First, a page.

The making of the Constitution was an exercise in reconciling a diversity of competing principles and hammering out innumerable small details. Some of these details—such as the Preamble and the commerce clause—were added to the Constitution with very little debate, even though they would later become significant and sometimes controversial sections of the Constitution. Several of the details—such as the privileges and immunities clause and the guarantees of free speech and debate for Congressmen—aroused very little debate in the Convention because these clauses were merely copied from similar ones found in the Articles of Confederation. And although many of the delegates had clashed over some of the exceptions and qualifications that were appended to the broad powers to levy taxes and regulate trade, , all of the delegates had come to the Convention with the expectation that Congress would require some powers of this sort in order to remedy the acknowledged defects of the Articles of Confederation. And finally, choosing modes for ratifying the new Constitution and amending it after it was ratified were decisions that at times caused tempers to flare, because these choices involved an explicit and decisive break with the pact that had bound them under the Articles.
If a public opinion poll were taken which asked average Americans to name a favorite part of the 1787 Constitution (taking the Bill of Rights out of the running), most people would probably choose the Preamble. Its simple and direct phrases do not match the soaring rhetoric found in the Declaration of Independence (“When in the course of human events …”) nor do they make the same lofty and universal claims (“all men are created equal”). Nonetheless, it is the closest thing in our Constitution to a statement of principle. If the rest of the Constitution is our government’s instruction manual, then the Preamble is the mission statement for the country. Yet little can be known about how it was drafted or why it was adopted. The paragraph that we recognize as the Preamble was written in the Committee of Style very late in the Convention, and it was adopted by the Convention without any debate and even, it would appear, without a formal vote. It is impossible to glean from the process of framing the Preamble, then, what the Framers might have intended by this short paragraph.
In a broader sense, the entire proceedings of the summer were a debate over the Preamble. It was within these debates that the Framers established and clarified their aims for the new Constitution, and the Preamble merely expressed, in the final hours of their labors, those aims which they had already presupposed throughout all of their other decisions. Not all of these aims had arisen de novo from the Convention debates, however. Some of them had already been expressed in the Articles of Confederation. Indeed, the delegates’ first serious discussion in the Convention was an exploration of how to achieve those goals that the Articles had declared for itself but which it had been unable to fulfill.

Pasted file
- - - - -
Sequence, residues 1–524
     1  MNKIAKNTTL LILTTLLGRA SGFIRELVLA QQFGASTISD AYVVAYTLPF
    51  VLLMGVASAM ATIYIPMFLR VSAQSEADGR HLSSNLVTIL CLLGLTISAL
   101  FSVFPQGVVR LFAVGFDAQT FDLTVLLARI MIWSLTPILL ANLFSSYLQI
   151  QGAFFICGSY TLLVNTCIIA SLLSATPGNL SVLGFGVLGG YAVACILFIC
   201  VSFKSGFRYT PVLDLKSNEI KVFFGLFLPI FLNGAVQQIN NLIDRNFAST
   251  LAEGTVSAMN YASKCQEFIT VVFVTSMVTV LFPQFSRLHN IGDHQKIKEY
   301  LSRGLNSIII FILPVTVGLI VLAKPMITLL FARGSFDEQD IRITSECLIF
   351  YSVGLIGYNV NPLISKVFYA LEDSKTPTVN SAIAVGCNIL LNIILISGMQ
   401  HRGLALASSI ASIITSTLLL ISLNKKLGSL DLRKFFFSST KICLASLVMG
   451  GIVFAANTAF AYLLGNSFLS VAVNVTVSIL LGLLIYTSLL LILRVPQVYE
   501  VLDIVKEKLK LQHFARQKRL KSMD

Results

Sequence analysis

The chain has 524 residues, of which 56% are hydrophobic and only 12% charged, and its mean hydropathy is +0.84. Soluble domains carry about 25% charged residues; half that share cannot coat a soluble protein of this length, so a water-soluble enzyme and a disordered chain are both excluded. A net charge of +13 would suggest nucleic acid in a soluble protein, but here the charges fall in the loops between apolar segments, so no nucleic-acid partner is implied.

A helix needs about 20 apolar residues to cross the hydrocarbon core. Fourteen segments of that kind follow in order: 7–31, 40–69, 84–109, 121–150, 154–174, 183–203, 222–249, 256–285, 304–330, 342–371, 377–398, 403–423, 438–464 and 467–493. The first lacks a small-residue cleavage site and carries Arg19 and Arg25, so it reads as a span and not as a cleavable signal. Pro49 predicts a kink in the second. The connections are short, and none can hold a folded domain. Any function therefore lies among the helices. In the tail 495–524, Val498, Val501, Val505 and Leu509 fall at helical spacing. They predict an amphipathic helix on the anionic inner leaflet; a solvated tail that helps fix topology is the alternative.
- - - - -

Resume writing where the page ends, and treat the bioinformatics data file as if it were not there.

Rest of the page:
In a speech that was designed to introduce the Virginia Plan to the rest of the delegates on May 29, Edmund Randolph explained that before suggesting revisions to the existing Articles, their first task was to inquire “into the properties which such a government ought to possess.” The first three of the five goals he listed were similar to goals stated in the Articles: “The character of such a government ought to secure, first, against foreign invasion; secondly, against dissensions between members of the Union, or seditions in particular states; thirdly, to procure to the several states various blessings, of which an isolated situation was incapable.” The fourth and fifth goals were new: that the new government should “be paramount to the state constitutions” and be able to defend itself from state encroachment. These goals were summed up in the first resolution of the Virginia Plan: “Resolved, that the Articles of Confederation ought to be so corrected and enlarged as to accomplish the objects proposed by their institution; namely, ‘common defence, security of liberty, and general welfare.’” Loosely quoting from Article III of the Articles of Confederation, the first resolution of the Virginia Plan therefore stated their aim: the Convention must devise a government that would actually accomplish what the Articles had set out to do.
On the following day, Randolph and Morris moved to postpone the first resolution to take up three replacements. The first of these three propositions was similar to the first resolution: “That a union of the states merely federal will not accomplish the objects proposed by the Articles of Confederation—namely, common defence, security of liberty, and general welfare”. But the delegates’ attention was fixated on the other two propositions, which related to the nature of the government they were about to create—whether it should be national or federal and which government should be supreme—and therefore the more abstract question of identifying the aims of this government was dropped and not addressed again directly.